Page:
I’m a Mormon

I’m a Mormon, but I don’t always put it out there on social media.

So I’m a Mormon, and my children attend the Mormon church, but are not baptized, or are not formally Mormon. Jon’s name is on the records of the church, but he’s really not a Mormon. Jon is an Atheist. He keeps his name on the records for me.

My life is one confused bag of religion.

Recently during a sacrament meeting, a woman was receiving the gift of the Holy Ghost. Lilah made a sniffling noise, and I thought it was strange. I think I patted her arm, or gave her a hug after the prayer was complete. Then after the meeting was over, she looked up to me and said, “I want to be baptized.” The words I’ve longed to hear from one of my children, but we both knew it meant telling her dad, and just as it brought joy to my heart, it also brought some sorrow.

On the car ride home I asked her about it. If she wanted to tell her dad right away. Tears flowed from our faces, us both knowing it’s not something her father would really want to hear. I waited a day or so, I had to ask her she wanted to be there when I told her dad, she didn’t. So in the still of one of our nightly cuddles, I told Jon his eldest daughter wanted to be baptized. We had a discussion. One that was probably frustrating for both of us. We have different ideas on how to approach this religious thing with our children, and we’ve been avoiding it for a long time.

But here is it.

Jon is supporting Lilah. The biggest part was making sure it was her decision, and not because of outside pressure, or a desire to belong, or just fit in. From Lilah’s response, I believe it is her decision.

Since Lilah is no longer in her eighth year, she will have to take the missionary discussions, and we have to go through the baptism as if she is a convert.

I am happy for my daughter. I hope she is happy with her choice too.

6 Responses to “I’m a Mormon”

  1. Elizabeth Johanson Says:

    I’m so very happy for Lilah (and you of course) and I am sorry for the weight of her decision for your family. What a myriad of emotions and feelings and thoughts you all must feel. Our situations are far from similar but Megan’s baptism day was one of the most wonderful of my life. I hope the same for you. You and Jon continue to amaze me in your love and support of one another. Sending love to your entire family.

  2. nice niece Says:

    I am so proud of all of you for taking the time to find your own beliefs. I admire the willingness you & Jon & Lilah have to support and love one another despite your differences, that is what family is truly about. I know her baptism day will be bittersweet, but I believe that you and Jon have done an amazing job of raising an independent and informed daughter. She has so much of both of you in her. <3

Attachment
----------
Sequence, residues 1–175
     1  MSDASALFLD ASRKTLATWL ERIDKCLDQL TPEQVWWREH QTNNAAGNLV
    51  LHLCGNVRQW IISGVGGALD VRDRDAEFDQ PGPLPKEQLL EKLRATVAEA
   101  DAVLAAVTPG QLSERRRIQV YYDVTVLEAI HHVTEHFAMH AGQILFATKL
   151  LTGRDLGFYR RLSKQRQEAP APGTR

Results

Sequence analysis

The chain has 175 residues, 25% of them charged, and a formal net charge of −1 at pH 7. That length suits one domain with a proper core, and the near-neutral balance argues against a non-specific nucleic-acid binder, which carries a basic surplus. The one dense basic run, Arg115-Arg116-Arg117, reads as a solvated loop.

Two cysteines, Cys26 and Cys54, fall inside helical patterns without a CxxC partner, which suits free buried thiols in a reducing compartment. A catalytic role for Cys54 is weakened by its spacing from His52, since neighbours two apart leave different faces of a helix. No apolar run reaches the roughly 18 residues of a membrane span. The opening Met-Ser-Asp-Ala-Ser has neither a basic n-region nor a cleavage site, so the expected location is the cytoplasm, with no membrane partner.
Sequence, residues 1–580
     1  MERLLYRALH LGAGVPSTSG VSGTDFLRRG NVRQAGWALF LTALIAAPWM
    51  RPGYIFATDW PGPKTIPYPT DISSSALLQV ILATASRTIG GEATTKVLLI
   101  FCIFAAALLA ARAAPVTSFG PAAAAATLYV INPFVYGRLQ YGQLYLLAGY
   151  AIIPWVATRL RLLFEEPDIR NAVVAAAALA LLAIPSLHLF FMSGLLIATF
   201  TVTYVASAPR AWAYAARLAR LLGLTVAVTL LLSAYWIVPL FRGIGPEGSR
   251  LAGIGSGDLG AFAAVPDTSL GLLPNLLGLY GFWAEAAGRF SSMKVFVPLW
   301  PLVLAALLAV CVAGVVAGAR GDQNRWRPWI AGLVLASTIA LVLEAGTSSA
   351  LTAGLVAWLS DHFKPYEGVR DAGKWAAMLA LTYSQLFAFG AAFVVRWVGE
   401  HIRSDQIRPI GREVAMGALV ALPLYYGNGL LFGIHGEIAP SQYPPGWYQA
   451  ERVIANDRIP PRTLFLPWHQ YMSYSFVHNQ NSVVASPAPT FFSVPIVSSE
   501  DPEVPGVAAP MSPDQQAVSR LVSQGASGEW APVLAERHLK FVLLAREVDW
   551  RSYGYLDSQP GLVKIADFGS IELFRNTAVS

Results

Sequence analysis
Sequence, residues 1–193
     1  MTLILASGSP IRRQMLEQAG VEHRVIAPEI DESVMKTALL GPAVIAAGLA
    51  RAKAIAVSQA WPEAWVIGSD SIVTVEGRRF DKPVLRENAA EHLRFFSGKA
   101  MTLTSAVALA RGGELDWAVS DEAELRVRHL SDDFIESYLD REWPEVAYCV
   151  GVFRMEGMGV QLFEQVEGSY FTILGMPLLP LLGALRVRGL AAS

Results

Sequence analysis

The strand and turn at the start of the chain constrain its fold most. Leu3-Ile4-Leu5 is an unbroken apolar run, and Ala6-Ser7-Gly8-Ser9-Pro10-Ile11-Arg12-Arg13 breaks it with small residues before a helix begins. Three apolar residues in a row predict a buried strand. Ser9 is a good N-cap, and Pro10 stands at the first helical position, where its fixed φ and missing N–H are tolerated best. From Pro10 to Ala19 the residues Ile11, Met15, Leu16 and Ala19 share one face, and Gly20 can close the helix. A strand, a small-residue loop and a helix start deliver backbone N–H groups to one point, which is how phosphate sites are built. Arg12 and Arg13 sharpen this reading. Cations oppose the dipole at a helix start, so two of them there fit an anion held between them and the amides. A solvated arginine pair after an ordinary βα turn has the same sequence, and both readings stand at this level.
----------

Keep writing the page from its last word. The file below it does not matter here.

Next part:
3. Jonathan Says:

    It’s nice to read your blog again. 🙂

    Just so my perspective is represented, I wouldn’t stand in the way of our children getting baptized even if it were for a more frivolous reason like wanting to fit in with their peers. The decision is up to them and always has been. As far as I’m concerned, they can join every church, mosque, synagogue, or temple from here to Timbuktu.

    I had a discussion with them about baptism years ago where I tried to make that clear while suggesting that they might want to wait until they were older and more capable of understanding what it all meant. I suggested maybe twelve-years-old would be more appropriate to start thinking about it. Perhaps I should have repeated that message more often since then.

    I think most of the friction between us comes from a fear about how I will approach the subject of religion with our children. I’ve tried to explain my attitude several times over the years, but I think it’s hard for religious folk to believe that there is a way to raise children which doesn’t involve pressuring them to believe the same way we do.

    I hope my approach is clearer now that we’ve begun our family discussions. I think it will become even clearer when we someday get to the juicier parts of Mormon doctrine and history. I don’t plan to pressure them to come to the same conclusions that I have, simply present all sides of the story as accurately and fairly as possible, providing the information they won’t receive in Primary and Sunday School but doing my best to present others’ viewpoints in the best light possible so that they are prepared to make truly informed decisions.

    It’s about information, not indoctrination. I hope to teach them critical thinking and then set them loose on the world.

  4. Jonathan Says:

    Perhaps I should have repeated that message more often since then.

    By which I mean that I should have reinforced that the decision was up to them, no matter their age.

  5. Mary Brinkerhoff Says:

    Congratulations to Lilah for making the choice to become a disciple of Christ and take his name upon herself. I’m sure the spirit will be so sweet on her special day.

  6. Sara B Says:

    You guys are all so brave and a shining example of allowing your children independence in thought. I’m so glad you have a husband who supports you and your children’s decisions even when they are not his own. Sometimes the whole “agree to disagree” mentality is harder to come by then the simple “opinionated disagreement”. Congratulations to Lilah for her decision and to your family for your unity of support you give her.